Watch out Yahoo, Google, and Facebook: Taboola reaches more ad-focused desktop users
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Photo credit: Business Insider, using Taboola

Photo credit: Business Insider, using Taboola

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Taboola, the world’s largest content discovery platform – otherwise known as the “You may like this” links at the end of many news articles – just scored another acclaim from comScore. In December, comScore gave Taboola the #1 spot on their distributed content network report and in their latest report, Taboola has surpassed Yahoo, Google, and Facebook, among other syndicated ad focused entities, in reaching U.S. desktop users.

Adam Singolda, founder and CEO at Taboola, said in a statement,“The latest numbers from comScore validate our continued efforts towards our vision of building a new category we call ‘discovery,’ connecting people with content they may like and never knew existed, alongside search and social. Consumers are awash with information, and we’re excited about the opportunity to create new ways for brands and publishers to break through and engage with audiences across the web, providing meaningful scale and ROI-driven storytelling.”

According to comScore’s latest findings, Taboola reaches nearly 88 percent of U.S. desktop users, more than Google’s (86.2%), Facebook’s (61.5%), and Yahoo Sites’ (60.3%) ad focused strategies. 

Photo credit: comScore

Photo credit: comScore

Despite adtech‘s difficult year, including the rise in popularity of services like Adblockers, Taboola seems to be continuing to grow aggressively. For a moment, the downturn impacted Taboola’s valuation quite drastically. Toward the end of 2015, Fidelity downgraded their valuation by about half. But in late December, Fidelity upgraded their valuation again.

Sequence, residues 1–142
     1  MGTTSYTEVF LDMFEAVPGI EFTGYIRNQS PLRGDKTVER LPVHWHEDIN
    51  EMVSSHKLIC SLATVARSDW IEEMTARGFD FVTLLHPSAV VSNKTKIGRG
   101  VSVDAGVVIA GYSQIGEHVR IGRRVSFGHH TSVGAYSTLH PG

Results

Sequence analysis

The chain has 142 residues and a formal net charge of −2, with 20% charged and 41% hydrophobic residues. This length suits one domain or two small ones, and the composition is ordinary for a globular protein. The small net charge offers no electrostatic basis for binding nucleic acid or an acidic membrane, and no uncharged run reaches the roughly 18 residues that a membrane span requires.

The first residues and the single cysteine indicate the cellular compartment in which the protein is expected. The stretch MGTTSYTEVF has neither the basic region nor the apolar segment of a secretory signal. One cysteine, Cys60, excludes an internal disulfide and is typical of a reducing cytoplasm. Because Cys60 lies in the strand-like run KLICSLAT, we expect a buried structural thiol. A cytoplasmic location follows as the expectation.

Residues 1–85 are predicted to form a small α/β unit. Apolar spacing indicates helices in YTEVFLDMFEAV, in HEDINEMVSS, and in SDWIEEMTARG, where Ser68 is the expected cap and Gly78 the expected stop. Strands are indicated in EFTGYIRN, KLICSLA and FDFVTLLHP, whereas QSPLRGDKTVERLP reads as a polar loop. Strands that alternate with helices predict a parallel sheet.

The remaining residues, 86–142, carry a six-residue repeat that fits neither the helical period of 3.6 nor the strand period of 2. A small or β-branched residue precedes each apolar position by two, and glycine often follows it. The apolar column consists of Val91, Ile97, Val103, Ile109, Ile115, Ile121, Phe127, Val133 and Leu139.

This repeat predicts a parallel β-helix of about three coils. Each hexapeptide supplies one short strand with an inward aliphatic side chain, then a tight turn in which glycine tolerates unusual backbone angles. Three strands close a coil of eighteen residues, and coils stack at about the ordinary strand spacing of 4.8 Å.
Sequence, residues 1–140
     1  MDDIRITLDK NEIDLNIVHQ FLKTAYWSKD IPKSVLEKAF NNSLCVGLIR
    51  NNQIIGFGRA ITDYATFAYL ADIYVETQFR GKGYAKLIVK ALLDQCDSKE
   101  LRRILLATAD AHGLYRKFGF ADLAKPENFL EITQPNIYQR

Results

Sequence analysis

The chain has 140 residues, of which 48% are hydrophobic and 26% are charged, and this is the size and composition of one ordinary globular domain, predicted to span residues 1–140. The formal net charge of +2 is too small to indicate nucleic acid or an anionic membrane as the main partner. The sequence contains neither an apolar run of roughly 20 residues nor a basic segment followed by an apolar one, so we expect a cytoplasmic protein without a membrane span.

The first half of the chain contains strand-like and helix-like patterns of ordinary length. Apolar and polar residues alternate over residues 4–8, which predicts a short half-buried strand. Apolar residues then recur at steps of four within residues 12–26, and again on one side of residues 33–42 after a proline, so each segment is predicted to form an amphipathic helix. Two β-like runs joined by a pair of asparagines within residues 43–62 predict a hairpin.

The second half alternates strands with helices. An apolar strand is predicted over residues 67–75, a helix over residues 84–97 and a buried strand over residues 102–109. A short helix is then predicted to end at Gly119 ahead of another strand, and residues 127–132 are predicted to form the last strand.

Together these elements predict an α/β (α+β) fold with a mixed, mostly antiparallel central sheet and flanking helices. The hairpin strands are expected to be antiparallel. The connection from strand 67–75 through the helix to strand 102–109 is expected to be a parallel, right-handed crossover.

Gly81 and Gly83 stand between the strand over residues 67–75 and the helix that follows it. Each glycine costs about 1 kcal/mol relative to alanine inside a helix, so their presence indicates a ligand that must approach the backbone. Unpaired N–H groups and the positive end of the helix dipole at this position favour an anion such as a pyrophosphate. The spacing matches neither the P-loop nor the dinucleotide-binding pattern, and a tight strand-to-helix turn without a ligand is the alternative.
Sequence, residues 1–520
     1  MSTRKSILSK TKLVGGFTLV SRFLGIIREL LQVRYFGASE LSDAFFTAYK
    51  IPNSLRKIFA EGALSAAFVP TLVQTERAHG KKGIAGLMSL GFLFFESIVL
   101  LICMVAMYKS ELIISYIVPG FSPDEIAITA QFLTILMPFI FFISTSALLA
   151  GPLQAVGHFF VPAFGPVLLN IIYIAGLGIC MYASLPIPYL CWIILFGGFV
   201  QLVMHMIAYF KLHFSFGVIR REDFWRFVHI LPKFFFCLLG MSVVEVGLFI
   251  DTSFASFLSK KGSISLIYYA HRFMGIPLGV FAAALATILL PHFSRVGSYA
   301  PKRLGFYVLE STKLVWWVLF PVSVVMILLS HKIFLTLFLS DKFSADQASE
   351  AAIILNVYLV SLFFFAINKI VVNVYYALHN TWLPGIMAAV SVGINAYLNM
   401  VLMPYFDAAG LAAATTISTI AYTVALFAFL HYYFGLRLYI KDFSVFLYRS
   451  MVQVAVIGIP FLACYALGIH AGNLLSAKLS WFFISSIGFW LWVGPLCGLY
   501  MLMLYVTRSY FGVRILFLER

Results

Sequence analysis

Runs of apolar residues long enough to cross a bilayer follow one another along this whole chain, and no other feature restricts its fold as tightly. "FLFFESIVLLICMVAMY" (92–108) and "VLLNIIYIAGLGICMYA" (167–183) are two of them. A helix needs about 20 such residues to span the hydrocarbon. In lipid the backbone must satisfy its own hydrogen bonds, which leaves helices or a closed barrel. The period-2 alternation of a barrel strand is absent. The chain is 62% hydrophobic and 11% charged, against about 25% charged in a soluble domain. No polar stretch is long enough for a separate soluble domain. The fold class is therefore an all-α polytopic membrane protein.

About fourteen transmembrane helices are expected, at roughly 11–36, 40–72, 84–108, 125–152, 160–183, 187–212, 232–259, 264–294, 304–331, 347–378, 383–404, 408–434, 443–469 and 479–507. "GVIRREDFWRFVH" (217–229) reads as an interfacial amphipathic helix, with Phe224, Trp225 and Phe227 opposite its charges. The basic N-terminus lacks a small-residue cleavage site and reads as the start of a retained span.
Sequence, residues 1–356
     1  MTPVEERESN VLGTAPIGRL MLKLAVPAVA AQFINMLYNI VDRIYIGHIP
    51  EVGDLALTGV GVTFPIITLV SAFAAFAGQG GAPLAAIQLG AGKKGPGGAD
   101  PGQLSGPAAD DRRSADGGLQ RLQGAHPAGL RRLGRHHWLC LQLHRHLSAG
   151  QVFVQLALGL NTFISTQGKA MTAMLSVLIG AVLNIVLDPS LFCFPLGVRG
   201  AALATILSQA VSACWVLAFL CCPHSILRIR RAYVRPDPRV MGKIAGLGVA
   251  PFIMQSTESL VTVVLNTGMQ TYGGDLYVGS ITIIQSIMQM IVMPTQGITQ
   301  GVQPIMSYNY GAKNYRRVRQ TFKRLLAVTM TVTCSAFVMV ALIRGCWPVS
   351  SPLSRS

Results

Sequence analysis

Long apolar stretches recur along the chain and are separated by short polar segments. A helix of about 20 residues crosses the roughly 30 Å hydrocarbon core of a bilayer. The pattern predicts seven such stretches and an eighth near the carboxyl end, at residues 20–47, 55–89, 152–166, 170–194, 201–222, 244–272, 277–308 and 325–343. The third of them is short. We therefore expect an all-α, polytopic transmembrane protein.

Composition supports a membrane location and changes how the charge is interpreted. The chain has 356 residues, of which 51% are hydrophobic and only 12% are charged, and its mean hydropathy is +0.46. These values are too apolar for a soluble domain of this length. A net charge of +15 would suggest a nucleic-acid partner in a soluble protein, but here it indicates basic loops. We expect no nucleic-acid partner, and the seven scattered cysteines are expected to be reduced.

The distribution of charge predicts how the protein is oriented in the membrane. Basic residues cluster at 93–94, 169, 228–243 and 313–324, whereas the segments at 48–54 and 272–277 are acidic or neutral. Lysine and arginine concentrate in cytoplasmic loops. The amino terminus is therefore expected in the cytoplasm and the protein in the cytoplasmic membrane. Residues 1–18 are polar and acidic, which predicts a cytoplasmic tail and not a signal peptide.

As other adtech firms will undoubtedly close this year, it will be interesting to see how Taboola potentially becomes a larger player, perhaps acquiring smaller ad tech firms before they enter the public market, which this reporter doubts they will do any time soon.

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Laura Rosbrow-Telem

About Laura Rosbrow-Telem


I am a social entrepreneurship enthusiast: This is what happens when a former social worker becomes a tech journalist. I mostly write about startups, technology, peace and justice issues, cultural topics, and personal stuff. Before Geektime, I was an editor at the Jerusalem Post and Mic.

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